Panzner points to our leaders’ missteps throughout the crisis as a major factor that could place a damper on any hope of recovery. “Many of the problems and imbalances that helped about the crisis have gotten worse,” he says, “That means people have less in reserve than they did before, and many have not positioned themselves for a ‘new normal.’ That suggests the next leg down, economically speaking at least, could be much worse than what we’ve experienced so far.” If only we’d been prepared for the worst instead of coddled into believing everything is better, eh?
When asked to take a guess as to when the Fed would finally raise interest rates, Panzner gave an interesting answer. “In my view, the Fed is no longer in control – of the economy or its destiny. For the most part, market and other forces, not the FOMC, will determine what happens to interest rates in future.” So I guess it doesn’t matter when they’ll raise rates, markets are no longer listening. Or are they?
A big picture sort of guy, Panzner identifies sociopolitical threats as another major concern this year, and with this being an election year (hello, Scott Brown anyone?), I’m willing to go on the record as agreeing wholeheartedly with him (shock). “Wait and see what happens to the social and political mood if and when the economy rolls over,” he says ominously.
Oh, believe me, JDA is waiting. And waiting. And waiting. Still no rollover but dammit, I’ll still be here twiddling my thumbs.
Hopefully I’ll get a chance to check in with Panzner again come summer to see where we are.
Editor’s Note: Want more JDA? You can see all of her posts for GC here, her blog here and stalk her on Twitter.
Editor’s Note: Want more JDA? You can see all of her posts for GC here, her blog here and stalk her on Twitter.
The last time I spoke to Financial Armageddon’s Michael Panzner for Going Concern, it was about how to prepare for the worst (while not necessarily hopin in September of last year. This time around, it’s the beginning of the year so even though I’m late, it’s time to discuss the 2010 outlook.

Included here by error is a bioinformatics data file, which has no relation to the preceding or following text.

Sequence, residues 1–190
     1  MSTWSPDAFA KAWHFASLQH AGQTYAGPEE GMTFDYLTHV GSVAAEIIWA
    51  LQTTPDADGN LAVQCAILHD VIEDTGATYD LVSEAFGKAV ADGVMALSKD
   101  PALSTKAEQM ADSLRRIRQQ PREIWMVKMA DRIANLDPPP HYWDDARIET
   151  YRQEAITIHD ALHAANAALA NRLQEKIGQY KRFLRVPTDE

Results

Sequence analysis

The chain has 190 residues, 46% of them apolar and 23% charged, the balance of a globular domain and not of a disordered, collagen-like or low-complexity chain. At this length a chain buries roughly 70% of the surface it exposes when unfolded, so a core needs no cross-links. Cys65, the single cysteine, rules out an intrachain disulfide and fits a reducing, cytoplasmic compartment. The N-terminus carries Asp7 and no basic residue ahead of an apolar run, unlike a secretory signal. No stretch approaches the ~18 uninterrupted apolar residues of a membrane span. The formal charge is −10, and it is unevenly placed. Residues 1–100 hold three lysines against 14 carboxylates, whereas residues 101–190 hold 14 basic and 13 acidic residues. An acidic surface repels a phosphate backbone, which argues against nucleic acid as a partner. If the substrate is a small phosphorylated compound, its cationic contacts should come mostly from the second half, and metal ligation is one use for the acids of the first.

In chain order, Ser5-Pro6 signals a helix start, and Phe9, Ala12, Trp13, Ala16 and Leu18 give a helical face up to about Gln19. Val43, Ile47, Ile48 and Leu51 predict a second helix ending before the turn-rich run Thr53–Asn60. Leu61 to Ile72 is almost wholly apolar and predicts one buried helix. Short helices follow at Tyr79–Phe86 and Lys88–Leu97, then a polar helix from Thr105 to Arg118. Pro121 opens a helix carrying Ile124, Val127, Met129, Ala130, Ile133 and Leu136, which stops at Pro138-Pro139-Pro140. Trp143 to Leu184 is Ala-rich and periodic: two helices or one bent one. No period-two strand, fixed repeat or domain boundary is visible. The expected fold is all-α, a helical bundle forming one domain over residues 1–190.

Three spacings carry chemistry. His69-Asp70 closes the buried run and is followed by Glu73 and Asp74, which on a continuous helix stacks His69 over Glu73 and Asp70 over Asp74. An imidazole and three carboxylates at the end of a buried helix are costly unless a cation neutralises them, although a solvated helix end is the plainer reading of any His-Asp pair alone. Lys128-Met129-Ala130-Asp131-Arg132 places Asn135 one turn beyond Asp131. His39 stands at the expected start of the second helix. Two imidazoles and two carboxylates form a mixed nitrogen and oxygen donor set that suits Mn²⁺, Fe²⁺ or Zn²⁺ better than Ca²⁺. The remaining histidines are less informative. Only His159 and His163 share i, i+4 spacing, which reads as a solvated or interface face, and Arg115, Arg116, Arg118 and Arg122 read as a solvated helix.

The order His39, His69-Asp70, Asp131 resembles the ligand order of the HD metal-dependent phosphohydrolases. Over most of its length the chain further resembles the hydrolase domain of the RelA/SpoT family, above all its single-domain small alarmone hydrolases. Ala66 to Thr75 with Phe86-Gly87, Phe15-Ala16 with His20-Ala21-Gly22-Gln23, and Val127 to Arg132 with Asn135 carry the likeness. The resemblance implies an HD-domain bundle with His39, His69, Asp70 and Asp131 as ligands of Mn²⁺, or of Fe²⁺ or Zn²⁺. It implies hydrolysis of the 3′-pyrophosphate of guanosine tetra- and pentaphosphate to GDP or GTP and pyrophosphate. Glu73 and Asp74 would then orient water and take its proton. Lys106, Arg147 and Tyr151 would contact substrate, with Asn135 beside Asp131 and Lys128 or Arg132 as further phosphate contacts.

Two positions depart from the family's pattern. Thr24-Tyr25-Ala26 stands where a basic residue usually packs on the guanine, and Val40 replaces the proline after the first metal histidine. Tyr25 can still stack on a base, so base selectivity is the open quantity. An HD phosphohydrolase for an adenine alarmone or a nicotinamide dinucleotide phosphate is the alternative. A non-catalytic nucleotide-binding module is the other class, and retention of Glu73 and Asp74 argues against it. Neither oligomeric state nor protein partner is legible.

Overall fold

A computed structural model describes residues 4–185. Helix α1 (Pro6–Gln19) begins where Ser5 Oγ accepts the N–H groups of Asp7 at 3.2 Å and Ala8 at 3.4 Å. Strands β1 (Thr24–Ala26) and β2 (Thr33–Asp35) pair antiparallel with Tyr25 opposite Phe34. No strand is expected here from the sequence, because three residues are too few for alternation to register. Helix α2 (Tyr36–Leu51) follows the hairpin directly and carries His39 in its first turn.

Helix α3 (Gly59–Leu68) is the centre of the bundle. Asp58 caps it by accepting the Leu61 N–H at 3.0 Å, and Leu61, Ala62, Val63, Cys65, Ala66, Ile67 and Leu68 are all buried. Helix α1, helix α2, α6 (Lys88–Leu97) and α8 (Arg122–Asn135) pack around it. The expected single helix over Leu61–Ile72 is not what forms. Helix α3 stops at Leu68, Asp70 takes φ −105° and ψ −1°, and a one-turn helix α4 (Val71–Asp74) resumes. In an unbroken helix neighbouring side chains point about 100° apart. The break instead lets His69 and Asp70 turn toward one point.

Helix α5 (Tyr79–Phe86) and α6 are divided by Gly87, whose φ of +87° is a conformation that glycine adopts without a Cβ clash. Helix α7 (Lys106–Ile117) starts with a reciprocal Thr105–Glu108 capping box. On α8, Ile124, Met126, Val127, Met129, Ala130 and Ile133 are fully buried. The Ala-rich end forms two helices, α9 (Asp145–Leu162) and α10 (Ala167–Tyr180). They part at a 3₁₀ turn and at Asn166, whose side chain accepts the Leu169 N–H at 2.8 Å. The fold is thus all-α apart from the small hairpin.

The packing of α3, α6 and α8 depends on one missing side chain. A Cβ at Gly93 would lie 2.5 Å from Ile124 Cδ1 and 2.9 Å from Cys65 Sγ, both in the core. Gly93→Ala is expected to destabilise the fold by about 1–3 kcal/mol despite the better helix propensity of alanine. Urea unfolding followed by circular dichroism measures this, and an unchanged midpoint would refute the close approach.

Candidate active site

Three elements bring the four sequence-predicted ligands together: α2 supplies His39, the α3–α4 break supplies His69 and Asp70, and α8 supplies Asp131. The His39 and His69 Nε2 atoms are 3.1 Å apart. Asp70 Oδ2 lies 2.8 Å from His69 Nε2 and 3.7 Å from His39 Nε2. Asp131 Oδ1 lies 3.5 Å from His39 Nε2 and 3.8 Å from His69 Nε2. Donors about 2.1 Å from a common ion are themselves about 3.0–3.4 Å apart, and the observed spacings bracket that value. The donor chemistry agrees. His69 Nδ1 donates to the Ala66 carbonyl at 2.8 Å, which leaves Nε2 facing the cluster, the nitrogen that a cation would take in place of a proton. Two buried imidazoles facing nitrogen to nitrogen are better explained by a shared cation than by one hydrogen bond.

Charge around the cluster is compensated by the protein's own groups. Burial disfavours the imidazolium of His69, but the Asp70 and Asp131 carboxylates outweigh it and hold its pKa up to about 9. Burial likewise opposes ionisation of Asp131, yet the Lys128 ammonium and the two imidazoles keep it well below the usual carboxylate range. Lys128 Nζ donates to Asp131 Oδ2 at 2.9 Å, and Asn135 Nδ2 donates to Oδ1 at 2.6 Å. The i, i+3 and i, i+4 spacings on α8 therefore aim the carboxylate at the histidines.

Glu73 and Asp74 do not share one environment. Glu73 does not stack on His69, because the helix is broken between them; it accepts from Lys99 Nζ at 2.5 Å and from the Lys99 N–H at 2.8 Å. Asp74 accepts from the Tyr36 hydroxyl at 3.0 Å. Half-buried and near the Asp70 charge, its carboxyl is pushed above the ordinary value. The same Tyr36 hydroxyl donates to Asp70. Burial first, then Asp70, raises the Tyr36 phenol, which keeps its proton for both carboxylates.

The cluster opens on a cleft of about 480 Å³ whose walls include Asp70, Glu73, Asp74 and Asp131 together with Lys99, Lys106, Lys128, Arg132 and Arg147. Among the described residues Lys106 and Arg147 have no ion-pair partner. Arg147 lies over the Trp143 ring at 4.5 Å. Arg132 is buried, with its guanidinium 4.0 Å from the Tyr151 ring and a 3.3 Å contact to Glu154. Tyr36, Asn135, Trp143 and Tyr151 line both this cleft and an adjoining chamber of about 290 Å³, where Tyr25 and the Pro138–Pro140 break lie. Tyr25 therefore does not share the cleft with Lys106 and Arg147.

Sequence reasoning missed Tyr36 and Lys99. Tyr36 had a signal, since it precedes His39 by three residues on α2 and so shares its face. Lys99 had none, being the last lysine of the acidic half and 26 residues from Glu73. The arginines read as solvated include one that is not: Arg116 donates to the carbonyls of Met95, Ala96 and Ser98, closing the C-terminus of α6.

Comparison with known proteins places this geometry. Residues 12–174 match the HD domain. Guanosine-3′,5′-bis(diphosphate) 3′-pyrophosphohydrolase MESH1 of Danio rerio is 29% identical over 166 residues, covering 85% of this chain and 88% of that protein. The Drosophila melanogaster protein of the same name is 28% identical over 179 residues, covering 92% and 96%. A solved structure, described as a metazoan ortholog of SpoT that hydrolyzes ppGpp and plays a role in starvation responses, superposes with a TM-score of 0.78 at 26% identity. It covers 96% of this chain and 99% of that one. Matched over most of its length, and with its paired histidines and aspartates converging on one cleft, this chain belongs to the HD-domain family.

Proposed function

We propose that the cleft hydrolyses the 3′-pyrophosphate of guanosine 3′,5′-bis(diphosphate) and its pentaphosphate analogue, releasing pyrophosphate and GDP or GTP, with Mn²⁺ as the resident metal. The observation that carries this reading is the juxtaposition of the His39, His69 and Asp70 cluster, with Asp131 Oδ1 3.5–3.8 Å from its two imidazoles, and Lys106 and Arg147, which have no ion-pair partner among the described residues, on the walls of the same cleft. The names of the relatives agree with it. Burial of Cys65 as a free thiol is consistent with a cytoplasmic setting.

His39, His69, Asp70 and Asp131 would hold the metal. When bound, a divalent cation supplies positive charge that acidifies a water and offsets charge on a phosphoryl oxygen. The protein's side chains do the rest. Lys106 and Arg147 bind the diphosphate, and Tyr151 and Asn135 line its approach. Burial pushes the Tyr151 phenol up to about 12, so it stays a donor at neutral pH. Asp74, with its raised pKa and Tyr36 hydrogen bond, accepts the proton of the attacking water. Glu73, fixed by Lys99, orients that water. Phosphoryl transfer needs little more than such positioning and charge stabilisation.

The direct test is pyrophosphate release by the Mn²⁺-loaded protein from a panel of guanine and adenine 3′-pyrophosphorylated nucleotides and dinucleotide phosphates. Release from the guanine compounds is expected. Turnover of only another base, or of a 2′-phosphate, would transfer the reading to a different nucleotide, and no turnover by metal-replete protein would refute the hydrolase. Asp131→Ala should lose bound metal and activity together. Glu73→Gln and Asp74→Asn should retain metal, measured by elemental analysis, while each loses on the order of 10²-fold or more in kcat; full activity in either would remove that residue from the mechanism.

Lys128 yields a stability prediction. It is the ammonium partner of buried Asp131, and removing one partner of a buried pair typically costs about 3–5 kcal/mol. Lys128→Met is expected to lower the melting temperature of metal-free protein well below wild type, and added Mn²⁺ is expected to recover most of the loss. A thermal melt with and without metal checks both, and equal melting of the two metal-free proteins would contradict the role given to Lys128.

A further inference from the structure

Panzner can also be found writing at When Giants Fall and Huffington Post and if you don’t know his bio, it’s here.
First of all, before we could get to anything I had to have him explain his strong dollar policy again:
“There are a number of reasons why I expect a technical rally in the dollar even though my long-term view remains quite negative,” he said, “The fact is that even if the fundamental outlook is poor, prices can still rise in the short run if too many people — speculators and investors — are short or if other factors temporarily gain in importance.”
This explains why he seemed spooked by recent market behaviors, like everything from March 2009 on. You know, when things started getting wonky. Panzner is a classy bastard so he’s not about to make conspiratorial statements about the behavior of markets but let’s just say his feeling is that they’re performing less rationally these days. No shit. Might be all that fishy stuff going on but who am I to speculate?
He points to massive speculation and gigantic stockpiling in commodities, specifically oil. Gee, wonder who is behind that. He recognizes that China is at least attempting to clamp down on speculation.
He also admits to having underestimated how people will behave with free money. I find that statement incredible; didn’t we see the houses, big screens, and Hummers? It was obvious at the time and it feels obvious now. “Last time they speculated like there was no tomorrow, they were worried tomorrow would never come,” he says. Again, this from the man who brought us Financial Armageddon.